Long-duration robot autonomy: From control algorithms to robot design

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Notomista, Gennaro
Egerstedt, Magnus B.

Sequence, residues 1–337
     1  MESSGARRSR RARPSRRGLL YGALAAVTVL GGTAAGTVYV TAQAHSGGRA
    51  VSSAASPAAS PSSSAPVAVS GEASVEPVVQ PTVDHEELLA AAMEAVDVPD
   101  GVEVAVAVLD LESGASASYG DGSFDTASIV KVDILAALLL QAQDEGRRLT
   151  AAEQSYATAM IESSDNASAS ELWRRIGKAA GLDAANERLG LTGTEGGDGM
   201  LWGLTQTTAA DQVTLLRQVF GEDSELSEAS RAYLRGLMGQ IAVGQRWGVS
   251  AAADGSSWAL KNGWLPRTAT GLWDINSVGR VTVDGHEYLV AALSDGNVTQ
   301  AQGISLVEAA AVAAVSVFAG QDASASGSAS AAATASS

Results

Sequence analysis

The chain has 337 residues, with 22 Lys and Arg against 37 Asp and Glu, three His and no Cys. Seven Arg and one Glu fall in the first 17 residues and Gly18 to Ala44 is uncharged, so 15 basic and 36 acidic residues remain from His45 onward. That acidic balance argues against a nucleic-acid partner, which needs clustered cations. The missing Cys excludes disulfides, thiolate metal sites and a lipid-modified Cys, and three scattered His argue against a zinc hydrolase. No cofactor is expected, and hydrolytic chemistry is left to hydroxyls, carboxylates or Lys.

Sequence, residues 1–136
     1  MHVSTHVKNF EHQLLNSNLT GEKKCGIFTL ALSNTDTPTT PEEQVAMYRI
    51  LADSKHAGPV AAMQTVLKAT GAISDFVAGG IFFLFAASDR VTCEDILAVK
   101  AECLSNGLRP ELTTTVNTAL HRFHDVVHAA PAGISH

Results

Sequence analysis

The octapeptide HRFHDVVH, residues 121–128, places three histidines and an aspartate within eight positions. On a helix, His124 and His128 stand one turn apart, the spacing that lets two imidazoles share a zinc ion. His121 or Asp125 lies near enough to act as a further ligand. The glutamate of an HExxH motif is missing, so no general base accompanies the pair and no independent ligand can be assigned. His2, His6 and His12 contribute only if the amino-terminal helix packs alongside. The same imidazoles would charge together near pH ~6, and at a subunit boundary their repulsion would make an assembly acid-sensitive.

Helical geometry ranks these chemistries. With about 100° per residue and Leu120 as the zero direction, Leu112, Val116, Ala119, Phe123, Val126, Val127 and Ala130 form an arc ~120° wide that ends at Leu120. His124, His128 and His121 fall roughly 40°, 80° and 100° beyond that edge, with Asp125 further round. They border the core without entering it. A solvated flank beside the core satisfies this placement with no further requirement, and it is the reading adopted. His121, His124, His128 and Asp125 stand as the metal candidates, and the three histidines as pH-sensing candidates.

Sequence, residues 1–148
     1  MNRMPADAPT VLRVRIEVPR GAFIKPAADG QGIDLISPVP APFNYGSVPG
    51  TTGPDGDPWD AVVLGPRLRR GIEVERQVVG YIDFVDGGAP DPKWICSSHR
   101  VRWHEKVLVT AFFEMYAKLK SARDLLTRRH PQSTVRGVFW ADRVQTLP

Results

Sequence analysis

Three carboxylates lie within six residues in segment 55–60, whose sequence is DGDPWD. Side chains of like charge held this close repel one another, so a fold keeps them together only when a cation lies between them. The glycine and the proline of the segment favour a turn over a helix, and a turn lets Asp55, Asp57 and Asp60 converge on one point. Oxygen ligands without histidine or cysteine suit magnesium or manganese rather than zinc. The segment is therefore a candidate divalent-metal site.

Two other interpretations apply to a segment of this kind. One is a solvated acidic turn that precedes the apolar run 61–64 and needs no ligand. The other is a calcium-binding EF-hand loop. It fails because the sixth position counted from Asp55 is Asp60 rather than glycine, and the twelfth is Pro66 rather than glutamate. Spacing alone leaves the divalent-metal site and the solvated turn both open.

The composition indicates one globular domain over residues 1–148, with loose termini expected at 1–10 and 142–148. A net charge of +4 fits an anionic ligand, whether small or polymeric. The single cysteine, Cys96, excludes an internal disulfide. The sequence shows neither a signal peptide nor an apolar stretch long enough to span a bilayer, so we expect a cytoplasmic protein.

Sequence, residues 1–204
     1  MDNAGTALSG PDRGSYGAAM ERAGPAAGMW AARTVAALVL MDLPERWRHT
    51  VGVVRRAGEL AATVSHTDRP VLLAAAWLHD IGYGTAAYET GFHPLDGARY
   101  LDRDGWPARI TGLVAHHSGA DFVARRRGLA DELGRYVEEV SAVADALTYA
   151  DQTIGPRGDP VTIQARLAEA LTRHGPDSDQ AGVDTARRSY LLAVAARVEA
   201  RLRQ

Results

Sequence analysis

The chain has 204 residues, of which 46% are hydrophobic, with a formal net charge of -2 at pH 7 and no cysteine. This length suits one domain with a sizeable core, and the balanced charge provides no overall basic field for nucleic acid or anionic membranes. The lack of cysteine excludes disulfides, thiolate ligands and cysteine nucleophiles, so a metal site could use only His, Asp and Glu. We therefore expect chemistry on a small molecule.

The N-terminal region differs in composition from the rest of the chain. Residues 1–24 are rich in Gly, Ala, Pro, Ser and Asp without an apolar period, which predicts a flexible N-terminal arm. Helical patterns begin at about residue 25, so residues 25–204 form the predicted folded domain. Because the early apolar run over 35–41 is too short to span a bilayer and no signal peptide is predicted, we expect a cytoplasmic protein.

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The transition that robots are experiencing from controlled and often static working environments to unstructured and dynamic settings is unveiling the potential fragility of the design and control techniques employed to build and program them, respectively. A paramount of example of a discipline that, by construction, deals with robots operating under unknown and ever-changing conditions is long-duration robot autonomy. In fact, during long-term deployments, robots will find themselves in environmental scenarios which were not planned and accounted for during the design phase. These operating conditions offer a variety of challenges which are not encountered in any other discipline of robotics. This thesis presents control-theoretic techniques and mechanical design principles to be employed while conceiving, building, and programming robotic systems meant to remain operational over sustained amounts of time. Long-duration autonomy is studied and analyzed from two different, yet complementary, perspectives: control algorithms and robot design. In the context of the former, the persistification of robotic tasks is presented. This consists of an optimization-based control framework which allows robots to remain operational over time horizons that are much longer than the ones which would be allowed by the limited resources of energy with which they can ever be equipped. As regards the mechanical design aspect of long-duration robot autonomy, in the second part of this thesis, the SlothBot, a slow-paced solar-powered wire-traversing robot, is presented. This robot embodies the design principles required by an autonomous robotic system 1in order to remain functional for truly long periods of time, including energy efficiency, design simplicity, and fail-safeness. To conclude, the development of a robotic platform which stands at the intersection of design and control for long-duration autonomy is described. A class of vibration-driven robots, the brushbots, are analyzed both from a mechanical design perspective, and in terms of interaction control capabilities with the environment in which they are deployed.
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